HomeSide Inc. is entering the subprime market with the help of General Motors' Residential Funding Corp.
HomeSide, based in Jacksonville, Fla., announced in June that it was looking for a strategic partner in the subprime market. But the initiative was pushed to the back burner after National Australia Bank agreed to buy HomeSide in October. That deal is expected to close this month.
Mark F. Johnson, HomeSide's executive vice president in charge of production, said Minneapolis-based Residential Funding, a subsidiary of General Motors Acceptance Corp., was one of six companies considered as a partner.
HomeSide's standing relationship with Residential Funding gave it the edge, he said. HomeSide sells jumbo loans to Residential Funding, which has a conduit that securitizes them.
Nearly all of HomeSide's origination volume comes from its wholesale network of brokers and correspondents. All of these wholesalers will offer Residential Funding's subprime products.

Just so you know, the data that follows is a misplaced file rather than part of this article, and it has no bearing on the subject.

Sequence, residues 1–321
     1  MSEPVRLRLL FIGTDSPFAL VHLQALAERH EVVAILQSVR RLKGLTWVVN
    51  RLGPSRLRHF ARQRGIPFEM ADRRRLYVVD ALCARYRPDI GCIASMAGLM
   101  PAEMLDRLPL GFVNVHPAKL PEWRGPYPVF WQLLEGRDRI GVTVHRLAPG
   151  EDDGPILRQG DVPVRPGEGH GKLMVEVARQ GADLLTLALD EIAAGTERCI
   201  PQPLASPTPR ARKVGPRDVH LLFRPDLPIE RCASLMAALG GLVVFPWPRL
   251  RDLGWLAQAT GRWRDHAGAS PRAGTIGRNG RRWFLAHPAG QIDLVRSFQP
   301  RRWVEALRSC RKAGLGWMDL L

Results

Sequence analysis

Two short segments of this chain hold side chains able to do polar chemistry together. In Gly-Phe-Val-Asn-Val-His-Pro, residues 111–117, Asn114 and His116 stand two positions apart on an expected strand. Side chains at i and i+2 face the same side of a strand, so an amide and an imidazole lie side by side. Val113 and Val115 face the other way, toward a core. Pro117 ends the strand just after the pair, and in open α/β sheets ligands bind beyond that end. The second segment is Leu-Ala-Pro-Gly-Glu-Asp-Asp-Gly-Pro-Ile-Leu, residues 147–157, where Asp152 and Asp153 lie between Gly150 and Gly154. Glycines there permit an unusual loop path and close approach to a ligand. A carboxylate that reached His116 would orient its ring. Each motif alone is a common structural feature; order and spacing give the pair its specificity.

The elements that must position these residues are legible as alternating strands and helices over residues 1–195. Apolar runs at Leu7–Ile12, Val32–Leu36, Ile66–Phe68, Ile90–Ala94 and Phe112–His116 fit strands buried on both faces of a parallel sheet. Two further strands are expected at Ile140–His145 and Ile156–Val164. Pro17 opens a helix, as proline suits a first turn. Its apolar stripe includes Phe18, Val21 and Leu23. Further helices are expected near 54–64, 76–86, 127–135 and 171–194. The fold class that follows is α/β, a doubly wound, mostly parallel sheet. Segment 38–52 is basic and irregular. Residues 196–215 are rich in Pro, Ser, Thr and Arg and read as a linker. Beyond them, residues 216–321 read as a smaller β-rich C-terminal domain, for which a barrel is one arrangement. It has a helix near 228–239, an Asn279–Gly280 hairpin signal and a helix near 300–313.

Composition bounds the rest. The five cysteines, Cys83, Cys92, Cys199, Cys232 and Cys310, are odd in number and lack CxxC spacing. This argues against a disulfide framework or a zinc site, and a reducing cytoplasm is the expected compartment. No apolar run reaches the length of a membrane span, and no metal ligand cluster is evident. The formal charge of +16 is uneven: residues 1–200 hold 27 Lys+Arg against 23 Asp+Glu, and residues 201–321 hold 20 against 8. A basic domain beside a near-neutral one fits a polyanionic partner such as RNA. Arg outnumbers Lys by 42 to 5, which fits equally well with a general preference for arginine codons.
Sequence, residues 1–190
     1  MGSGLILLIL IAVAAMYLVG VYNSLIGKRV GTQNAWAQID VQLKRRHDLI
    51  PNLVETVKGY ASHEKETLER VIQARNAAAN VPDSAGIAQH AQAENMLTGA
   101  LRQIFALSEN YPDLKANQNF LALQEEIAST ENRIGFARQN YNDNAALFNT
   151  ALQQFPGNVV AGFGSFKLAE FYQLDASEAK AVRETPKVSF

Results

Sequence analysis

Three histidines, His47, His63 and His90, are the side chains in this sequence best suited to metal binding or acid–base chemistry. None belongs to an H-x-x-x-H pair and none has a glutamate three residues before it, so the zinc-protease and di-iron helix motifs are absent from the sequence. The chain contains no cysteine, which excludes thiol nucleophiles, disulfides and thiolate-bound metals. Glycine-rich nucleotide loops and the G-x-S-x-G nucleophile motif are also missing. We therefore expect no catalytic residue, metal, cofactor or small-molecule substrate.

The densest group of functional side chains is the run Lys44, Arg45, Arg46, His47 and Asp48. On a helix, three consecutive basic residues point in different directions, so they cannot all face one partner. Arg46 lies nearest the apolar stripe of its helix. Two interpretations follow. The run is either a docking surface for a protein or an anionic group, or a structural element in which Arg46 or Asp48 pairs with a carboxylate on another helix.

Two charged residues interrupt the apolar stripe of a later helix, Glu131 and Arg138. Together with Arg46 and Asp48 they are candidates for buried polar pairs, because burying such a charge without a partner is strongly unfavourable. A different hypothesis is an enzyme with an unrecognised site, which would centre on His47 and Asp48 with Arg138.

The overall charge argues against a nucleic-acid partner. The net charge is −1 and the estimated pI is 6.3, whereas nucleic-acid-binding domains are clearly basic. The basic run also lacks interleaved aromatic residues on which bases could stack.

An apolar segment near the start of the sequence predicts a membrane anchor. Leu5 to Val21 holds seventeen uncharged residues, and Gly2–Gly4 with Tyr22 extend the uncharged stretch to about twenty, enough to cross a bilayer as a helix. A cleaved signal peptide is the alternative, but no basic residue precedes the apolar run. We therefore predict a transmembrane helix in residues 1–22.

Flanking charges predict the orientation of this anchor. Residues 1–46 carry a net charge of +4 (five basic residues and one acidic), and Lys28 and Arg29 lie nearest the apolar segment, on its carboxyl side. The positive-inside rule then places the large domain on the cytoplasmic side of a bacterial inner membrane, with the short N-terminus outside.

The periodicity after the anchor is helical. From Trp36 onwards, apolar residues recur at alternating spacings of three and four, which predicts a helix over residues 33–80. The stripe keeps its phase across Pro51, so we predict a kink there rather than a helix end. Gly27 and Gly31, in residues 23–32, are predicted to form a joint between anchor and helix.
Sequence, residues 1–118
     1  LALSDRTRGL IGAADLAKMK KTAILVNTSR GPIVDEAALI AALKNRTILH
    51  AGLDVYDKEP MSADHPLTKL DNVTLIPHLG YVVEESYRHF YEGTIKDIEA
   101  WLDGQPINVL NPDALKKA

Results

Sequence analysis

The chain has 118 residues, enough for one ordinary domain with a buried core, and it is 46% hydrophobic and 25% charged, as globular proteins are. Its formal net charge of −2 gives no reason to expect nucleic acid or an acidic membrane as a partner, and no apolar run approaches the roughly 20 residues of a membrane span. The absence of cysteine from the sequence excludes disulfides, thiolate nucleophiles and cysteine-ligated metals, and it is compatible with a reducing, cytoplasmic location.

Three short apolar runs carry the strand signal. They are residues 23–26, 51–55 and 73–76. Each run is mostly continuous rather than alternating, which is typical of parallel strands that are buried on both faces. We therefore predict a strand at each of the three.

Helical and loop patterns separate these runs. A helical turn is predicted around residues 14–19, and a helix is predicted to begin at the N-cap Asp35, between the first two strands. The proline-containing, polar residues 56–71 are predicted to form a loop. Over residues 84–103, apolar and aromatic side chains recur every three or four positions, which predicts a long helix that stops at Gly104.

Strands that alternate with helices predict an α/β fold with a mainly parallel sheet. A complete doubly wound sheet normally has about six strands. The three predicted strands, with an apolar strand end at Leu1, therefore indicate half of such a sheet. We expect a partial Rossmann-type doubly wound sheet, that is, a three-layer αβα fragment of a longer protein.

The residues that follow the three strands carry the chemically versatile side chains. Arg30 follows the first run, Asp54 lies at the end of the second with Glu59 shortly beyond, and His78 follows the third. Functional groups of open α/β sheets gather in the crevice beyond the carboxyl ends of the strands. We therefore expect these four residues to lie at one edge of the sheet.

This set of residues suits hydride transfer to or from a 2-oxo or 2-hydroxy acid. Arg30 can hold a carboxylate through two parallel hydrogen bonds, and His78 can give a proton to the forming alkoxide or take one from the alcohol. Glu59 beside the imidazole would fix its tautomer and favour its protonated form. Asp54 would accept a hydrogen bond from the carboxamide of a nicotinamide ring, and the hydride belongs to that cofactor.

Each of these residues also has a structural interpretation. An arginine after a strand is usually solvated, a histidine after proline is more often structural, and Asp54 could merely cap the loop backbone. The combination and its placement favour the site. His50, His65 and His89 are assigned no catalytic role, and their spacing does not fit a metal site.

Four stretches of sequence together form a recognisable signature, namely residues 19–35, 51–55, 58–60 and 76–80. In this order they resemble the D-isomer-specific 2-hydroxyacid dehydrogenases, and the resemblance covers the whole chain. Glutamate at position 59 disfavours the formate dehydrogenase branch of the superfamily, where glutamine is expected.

Despite some well-publicized blowups in the specialty lending sector in recent months, Mr. Johnson said, HomeSide's correspondents and brokers have clamored for subprime products to sell.
HomeSide is taking a careful approach to subprime lending. After the loans are originated, they will be sold to Residential Funding, which will assume the credit risk. Mr. Johnson said it was premature to say whether HomeSide would add B and C loans to its servicing portfolio. HomeSide is one of the top servicers with about $100 billion of loans in its portfolio.
"Subprime is a different animal. We have a lot to learn about that side of the business," Mr. Johnson said.
Don Russell, a Residential Funding managing director, said it will help train HomeSide's employees. "Everything we have at our disposal will be shared with them," he said. "Our goal is to increase the amount of production they can do."
HomeSide does not have a retail system, but it does have a telemarketing division that originates loans. Mr. Johnson said that division will not offer subprime loans.
Mr. Russell said Residential Funding intends to sign up lenders that wish to get into the subprime business.